The Government of the Cayman Islands is engaged in a high stakes poker game over the Ritz stamp duty issue. What is at stake, or the “pot”, is the reputation of the Islands as a good and reliable place to do business.
In order to understand why, some background is necessary.
Background – Think of the Ritz property (144.9 Acres), stretching from the Caribbean Sea to the North Sound, as a rectangular piece of bread with a large raisin and several large black olives in it. Looking at the piece of bread, the Caribbean is on the left (west) and the North Sound (east) is on the right. The piece of bread has two grooves in it, running North and South. The groove closest to the Caribbean is West Bay Road and the other groove is the by-pass road. The large raisin has West Bay Road running through it; this is the hotel parcel (8.9 acres) on which sits the Ritz Hotel. The rest of the piece of bread is the resort parcel (136 Acres) and contains large black olives of varying sizes; the by-pass road runs through the resort parcel just to the east of the hotel parcel. The entire Ritz property is leased from the Crown. The lessee of the hotel parcel is Cesar Properties Ltd. The lessee of the common property of the resort parcel is a master strata corporation; the members of that master strata corporation are the large black olives on the Resort Parcel. Some of the large black olives are other strata corporations but the leasehold title to the two large black olives, which are not strata corporations, is also in the name of Cesar Properties Ltd.
The latter defaulted on the charge over the hotel parcel, the two large black olives located on the resort parcel, which are not strata corporations, and several strata lots within the other large black olives located on the resort parcel, which are strata corporations (collectively, the package). The chargee sold the leasehold title to the Package for US$177.5 million to RC Cayman Hotel Holdings Ltd. (the buyer) at a public auction; the government refuses to register the transfers for the package until the amount of stamp duty payable is resolved.
The issue – The stamp duty payment presumably submitted to the Government on the US$177.5 million, assuming a rate of 7.5 per cent, was roughly US$13.3 million. The government, according to some accounts, is saying that the value of the package is between US$468 to US$500 million. The stamp duty on US$ 500 million, assuming a rate of 7.5 per cent, is US$37.5 million.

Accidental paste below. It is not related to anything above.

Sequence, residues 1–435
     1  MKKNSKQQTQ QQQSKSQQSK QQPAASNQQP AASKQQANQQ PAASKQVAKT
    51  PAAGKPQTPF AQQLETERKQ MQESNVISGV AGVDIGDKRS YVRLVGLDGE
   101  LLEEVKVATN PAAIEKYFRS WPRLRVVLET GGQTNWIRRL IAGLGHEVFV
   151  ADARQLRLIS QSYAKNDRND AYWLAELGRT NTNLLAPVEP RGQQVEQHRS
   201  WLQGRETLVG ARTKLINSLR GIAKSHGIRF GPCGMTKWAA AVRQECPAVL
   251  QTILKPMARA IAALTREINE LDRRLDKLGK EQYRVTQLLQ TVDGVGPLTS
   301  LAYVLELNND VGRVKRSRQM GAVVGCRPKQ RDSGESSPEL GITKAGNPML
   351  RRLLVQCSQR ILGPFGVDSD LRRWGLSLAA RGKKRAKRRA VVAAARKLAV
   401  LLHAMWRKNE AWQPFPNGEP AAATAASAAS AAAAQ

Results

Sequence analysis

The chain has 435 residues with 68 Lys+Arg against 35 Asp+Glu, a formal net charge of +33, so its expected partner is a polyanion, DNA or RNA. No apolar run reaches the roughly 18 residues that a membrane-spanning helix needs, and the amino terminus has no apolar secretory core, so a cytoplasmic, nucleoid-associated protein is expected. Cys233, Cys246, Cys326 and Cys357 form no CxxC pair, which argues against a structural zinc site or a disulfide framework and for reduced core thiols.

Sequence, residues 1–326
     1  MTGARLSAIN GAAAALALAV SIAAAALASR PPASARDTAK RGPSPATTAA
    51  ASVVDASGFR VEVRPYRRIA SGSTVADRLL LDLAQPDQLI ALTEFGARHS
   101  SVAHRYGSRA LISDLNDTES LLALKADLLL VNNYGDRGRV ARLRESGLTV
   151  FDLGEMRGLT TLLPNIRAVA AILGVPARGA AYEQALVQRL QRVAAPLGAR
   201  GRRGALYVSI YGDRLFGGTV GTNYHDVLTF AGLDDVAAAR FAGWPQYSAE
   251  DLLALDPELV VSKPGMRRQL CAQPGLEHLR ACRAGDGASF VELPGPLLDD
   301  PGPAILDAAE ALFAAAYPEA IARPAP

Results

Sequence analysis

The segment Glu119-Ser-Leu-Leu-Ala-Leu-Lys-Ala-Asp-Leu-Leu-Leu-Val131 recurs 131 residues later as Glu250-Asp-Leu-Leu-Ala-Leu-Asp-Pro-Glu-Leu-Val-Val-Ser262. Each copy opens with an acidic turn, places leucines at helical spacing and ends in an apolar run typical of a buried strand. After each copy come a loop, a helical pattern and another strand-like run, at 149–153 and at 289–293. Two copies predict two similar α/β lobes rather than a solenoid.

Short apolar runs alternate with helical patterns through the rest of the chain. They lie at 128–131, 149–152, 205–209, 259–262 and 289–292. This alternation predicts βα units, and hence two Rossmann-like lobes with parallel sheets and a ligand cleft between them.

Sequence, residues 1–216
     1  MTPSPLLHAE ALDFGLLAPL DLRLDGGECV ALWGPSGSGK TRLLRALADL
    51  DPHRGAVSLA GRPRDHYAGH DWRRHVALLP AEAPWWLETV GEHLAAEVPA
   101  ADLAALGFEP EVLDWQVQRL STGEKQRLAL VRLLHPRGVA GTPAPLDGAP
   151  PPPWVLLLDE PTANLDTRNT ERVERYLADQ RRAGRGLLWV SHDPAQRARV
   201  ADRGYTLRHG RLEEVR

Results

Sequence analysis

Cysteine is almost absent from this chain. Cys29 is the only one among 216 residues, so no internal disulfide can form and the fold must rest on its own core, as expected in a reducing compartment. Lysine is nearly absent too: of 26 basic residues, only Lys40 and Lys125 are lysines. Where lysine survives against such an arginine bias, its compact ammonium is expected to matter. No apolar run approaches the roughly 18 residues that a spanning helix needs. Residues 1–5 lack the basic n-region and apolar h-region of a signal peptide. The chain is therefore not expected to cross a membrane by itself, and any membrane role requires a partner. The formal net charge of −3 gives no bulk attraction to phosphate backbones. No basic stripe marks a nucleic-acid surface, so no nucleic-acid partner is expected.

Therefore, on the surface, US$24.2 million is at stake; however, what is really at stake is the reputation of the Cayman Islands. Discussion – The government is refusing to register the transfers for the package until the stamp duty issue is resolved; since it has this power, it seems to have the buyer in a difficult position. However, the buyer says that it cleared the US$177.5 as the fair market value for stamp duty purposes before the purchase at the public auction. Regardless of whether the buyer’s version is correct, the reputational damage to the Islands is the same.
If the buyer is correct, the government is going back on its word. If the buyer is not correct, the government’s proposition that the best evidence of market value is not what the package sold for at a properly advertised auction is dubious at best and raises the further issue of what other precautions should be taken in the future by a buyer at a public auction to protect against the stamp duty escalation risk, which all future buyers at a public auction will face. If the government wins the poker game, in my opinion, in addition to the damage to the reputation of the Islands as a good and reliable place to do business, money which could have been used by the buyer for improvements to the hotel parcel and the buildings on it will have to be paid to the government as additional stamp duty; there may be other unforeseen adverse consequences to the Islands. In the meantime, the government is refusing to cash a cheque for roughly US$13.3 million which, given current constraints, it could well use.